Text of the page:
Oct. 1, 2011
STANFORD, Calif. - Add catching passes to Andrew Luck's growing legend.
The Stanford quarterback and Heisman Trophy hopeful has been known for throwing touchdown passes, blasting through defenders, and even breaking long touchdown runs. Now? How about making one-handed catches?
Luck did so on the Cardinal's first drive, taking a throw down the sideline from receiver Drew Terrell on a flea flicker. The catch, at first ruled an incompletion but reversed upon review, led to Stanford's first score in a 45-19 victory over UCLA before a soldout Stanford Stadium on Saturday night.
Luck would do much more than that, completing 23-27 passes for 227 yards, throwing three touchdown passes and no interceptions as Stanford increased the nation's longest winning streak to 11 games.
"There's about five posistions the guy can play - receiver, tight end, outside linebacker," said David Shaw, Stanford's Bradford M. Freeman Director of Football/Head Coach. "We kind of like what he does at quarterback. But I'll tell you what, we just put him in a position to make plays and he never disappoints."
The Cardinal truly is standing in rarified air, with a No. 6 AP ranking, a 4-0 record and a 2-0 Pac-12 mark heading into a contest with visiting Colorado next Saturday. Stanford is one victory away from tying the longest winning streak in school history, one that dates back to the Vow Boys of 1939-41.
Stanford has never trailed this season, and still hasn't. Barely. But a goal-line stand in the game's early moments may have been the game's turning point.
With fourth down at the 2, UCLA shunned a field-goal try and went for it, sending quarterback Richard Brehaut up the gut after a play fake, only to be stonewalled by Delano Howell and A.J. Tarpley at the 1.
"We got stopped on the 1," UCLA coach Rick Neuheisel said. "We've got to get it in."
Stanford then embarked on a 99-yard drive that took 16 plays and 8:08 off the clock, converting three third down tries along the way. The drive set the tone for Stanford, which effectively used its' preferred a ball-control style the rest of the way.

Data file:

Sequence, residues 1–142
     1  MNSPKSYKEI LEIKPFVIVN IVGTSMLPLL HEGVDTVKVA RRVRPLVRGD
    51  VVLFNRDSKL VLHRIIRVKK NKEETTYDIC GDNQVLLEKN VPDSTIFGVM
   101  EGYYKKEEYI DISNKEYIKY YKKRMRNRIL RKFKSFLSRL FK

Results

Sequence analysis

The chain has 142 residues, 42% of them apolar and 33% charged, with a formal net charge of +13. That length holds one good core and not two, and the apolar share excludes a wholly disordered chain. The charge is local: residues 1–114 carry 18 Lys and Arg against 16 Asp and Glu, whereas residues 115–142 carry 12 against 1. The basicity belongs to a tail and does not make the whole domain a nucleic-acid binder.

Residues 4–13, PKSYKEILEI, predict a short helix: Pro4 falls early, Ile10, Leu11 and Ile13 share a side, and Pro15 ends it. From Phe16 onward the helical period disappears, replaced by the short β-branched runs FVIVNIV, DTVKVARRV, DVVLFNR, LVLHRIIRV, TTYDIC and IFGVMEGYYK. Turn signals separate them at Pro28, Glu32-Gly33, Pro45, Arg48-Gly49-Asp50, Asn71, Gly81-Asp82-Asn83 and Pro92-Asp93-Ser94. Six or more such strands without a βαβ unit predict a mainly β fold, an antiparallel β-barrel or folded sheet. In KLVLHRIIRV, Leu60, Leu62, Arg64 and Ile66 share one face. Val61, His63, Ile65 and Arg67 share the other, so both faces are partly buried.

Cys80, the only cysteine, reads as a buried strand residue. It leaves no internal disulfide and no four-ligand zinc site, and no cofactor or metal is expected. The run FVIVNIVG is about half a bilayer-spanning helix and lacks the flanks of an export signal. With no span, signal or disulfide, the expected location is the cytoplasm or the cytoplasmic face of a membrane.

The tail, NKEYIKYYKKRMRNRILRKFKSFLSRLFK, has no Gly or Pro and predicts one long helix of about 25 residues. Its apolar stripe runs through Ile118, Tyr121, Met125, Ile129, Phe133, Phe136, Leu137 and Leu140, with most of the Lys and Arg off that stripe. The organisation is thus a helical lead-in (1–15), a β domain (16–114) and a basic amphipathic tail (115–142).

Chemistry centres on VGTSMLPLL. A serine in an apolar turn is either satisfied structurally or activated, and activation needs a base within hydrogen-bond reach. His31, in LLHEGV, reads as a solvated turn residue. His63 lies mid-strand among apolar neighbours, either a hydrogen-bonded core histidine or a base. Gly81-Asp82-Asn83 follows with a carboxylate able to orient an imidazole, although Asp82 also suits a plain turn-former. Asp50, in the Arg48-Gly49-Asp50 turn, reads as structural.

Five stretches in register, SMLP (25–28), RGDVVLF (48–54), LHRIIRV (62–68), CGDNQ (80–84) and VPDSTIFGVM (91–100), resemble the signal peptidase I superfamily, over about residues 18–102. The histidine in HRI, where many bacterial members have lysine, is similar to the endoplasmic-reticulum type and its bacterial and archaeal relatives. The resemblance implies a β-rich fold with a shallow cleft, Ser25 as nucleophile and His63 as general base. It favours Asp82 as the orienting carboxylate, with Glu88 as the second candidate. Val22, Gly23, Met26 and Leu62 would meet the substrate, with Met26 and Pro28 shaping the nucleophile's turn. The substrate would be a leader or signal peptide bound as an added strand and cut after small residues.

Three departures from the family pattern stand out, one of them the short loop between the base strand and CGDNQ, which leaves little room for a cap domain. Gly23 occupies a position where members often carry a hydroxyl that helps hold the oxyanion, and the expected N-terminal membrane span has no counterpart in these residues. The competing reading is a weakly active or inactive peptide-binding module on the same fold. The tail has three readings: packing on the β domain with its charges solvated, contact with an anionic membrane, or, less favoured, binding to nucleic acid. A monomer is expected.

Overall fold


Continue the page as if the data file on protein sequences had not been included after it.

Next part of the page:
"It was huge," Shaw said of the goal-line stand. "You know, when it happened, just for a split second I flashed back to my time in Baltimore (with the NFL's Ravens). Ray Lewis used to always say, `Opportunity for greatness. Ball's on the 1-yard line, it's an opportunity for greatness.' Our guys stepped up to the challenge."
Though Stanford showed cracks defensively, its offense was typically efficient. Besides Luck, Stepfan Taylor ran for 112 yards on 17 carries and scored two touchdowns.
Tight end Coby Fleener caught two touchdown passes, each in memorable fashion, on his way to a four-catch, 78-yard performance.
And time of possession, the supreme indicator of Stanford's offensive strength, resulted in a 34:17-25:43 advantage.
"We talk all the time about efficiency," Shaw said. "When Bill Walsh put the West Coast offense together, we talked about being efficient, gaining ground every single play."
The tight ends continued to maintain their productivity. Of Stanford's 12 touchdown passes this season, nine have gone to tight ends. The Cardinal frequently had three tight ends on the field, often all lined up wide, and produced a variety of looks that ranged fro three backs in the backfield, no backs on short yardage, to Wildcat formations and flea flickers.
Though tight end Zach Ertz had his touchdown streak ended at six games, Fleener made up for it with the quality of his touchdown catches. On Stanford's opening score, Fleener made a one-handed grab in the end zone with a defender on his back to complete an 18-yard play.
He gave the Cardinal a 24-7 third-quarter lead when he got behind the defense on a deep pass and outran the secondary to the end zone on a 51-yard play.
UCLA closed to within 17-7 at the end of the first half and 24-13 early in the third. But the game seemed to turn Stanford's way for good when freshman Ty Montgomery blasted UCLA punt returner Taylor Embree, causing a fumble, and recovered it himself on an attempted scoop-and-score.
Given the ball at the UCLA 34-yard line, Stanford struck again. At the 16, Stanford lined up in the Wildcat formation and the ball was snapped directly to Tyler Gaffney, who ran up the middle for a touchdown and a 31-13 lead with 2:43 left in the third quarter.
The Bruins answered back with a score - missing their second extra-point try of the night - to close to within 31-19 on Josh Smith's seven-yard run with 13:21 left, but Stanford countered with Taylor's second touchdown run, this one from 1 yard with 10:22 to go.
But, afterward, most of the attention was given to a 13-yard catch.
"I just tried to put my hands up there and catch the ball," Luck said. "And hope I had a foot inbounds."
He did. And, for Luck and undefeated Stanford, it appears more memories await.
-- David Kiefer, Stanford Athletics